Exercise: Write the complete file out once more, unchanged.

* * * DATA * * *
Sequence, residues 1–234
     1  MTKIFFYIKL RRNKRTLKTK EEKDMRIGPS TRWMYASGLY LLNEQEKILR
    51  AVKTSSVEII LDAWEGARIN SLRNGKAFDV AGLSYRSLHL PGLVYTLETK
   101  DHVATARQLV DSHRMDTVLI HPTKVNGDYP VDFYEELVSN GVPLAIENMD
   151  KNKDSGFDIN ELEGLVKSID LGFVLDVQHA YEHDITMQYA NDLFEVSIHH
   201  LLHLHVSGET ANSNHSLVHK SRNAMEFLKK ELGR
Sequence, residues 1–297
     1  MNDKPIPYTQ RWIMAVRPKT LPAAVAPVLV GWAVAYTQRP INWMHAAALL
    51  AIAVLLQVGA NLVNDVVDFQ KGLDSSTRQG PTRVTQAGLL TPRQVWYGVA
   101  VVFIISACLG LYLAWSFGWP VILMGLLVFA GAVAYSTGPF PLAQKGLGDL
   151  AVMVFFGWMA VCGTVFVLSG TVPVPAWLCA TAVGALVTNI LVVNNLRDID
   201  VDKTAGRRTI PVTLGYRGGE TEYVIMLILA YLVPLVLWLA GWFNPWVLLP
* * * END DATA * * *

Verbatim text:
Sequence, residues 1–234
     1  MTKIFFYIKL RRNKRTLKTK EEKDMRIGPS TRWMYASGLY LLNEQEKILR
    51  AVKTSSVEII LDAWEGARIN SLRNGKAFDV AGLSYRSLHL PGLVYTLETK
   101  DHVATARQLV DSHRMDTVLI HPTKVNGDYP VDFYEELVSN GVPLAIENMD
   151  KNKDSGFDIN ELEGLVKSID LGFVLDVQHA YEHDITMQYA NDLFEVSIHH
   201  LLHLHVSGET ANSNHSLVHK SRNAMEFLKK ELGR
Sequence, residues 1–297
     1  MNDKPIPYTQ RWIMAVRPKT LPAAVAPVLV GWAVAYTQRP INWMHAAALL
    51  AIAVLLQVGA NLVNDVVDFQ KGLDSSTRQG PTRVTQAGLL TPRQVWYGVA
   101  VVFIISACLG LYLAWSFGWP VILMGLLVFA GAVAYSTGPF PLAQKGLGDL
   151  AVMVFFGWMA VCGTVFVLSG TVPVPAWLCA TAVGALVTNI LVVNNLRDID
   201  VDKTAGRRTI PVTLGYRGGE TEYVIMLILA YLVPLVLWLA GWFNPWVLLP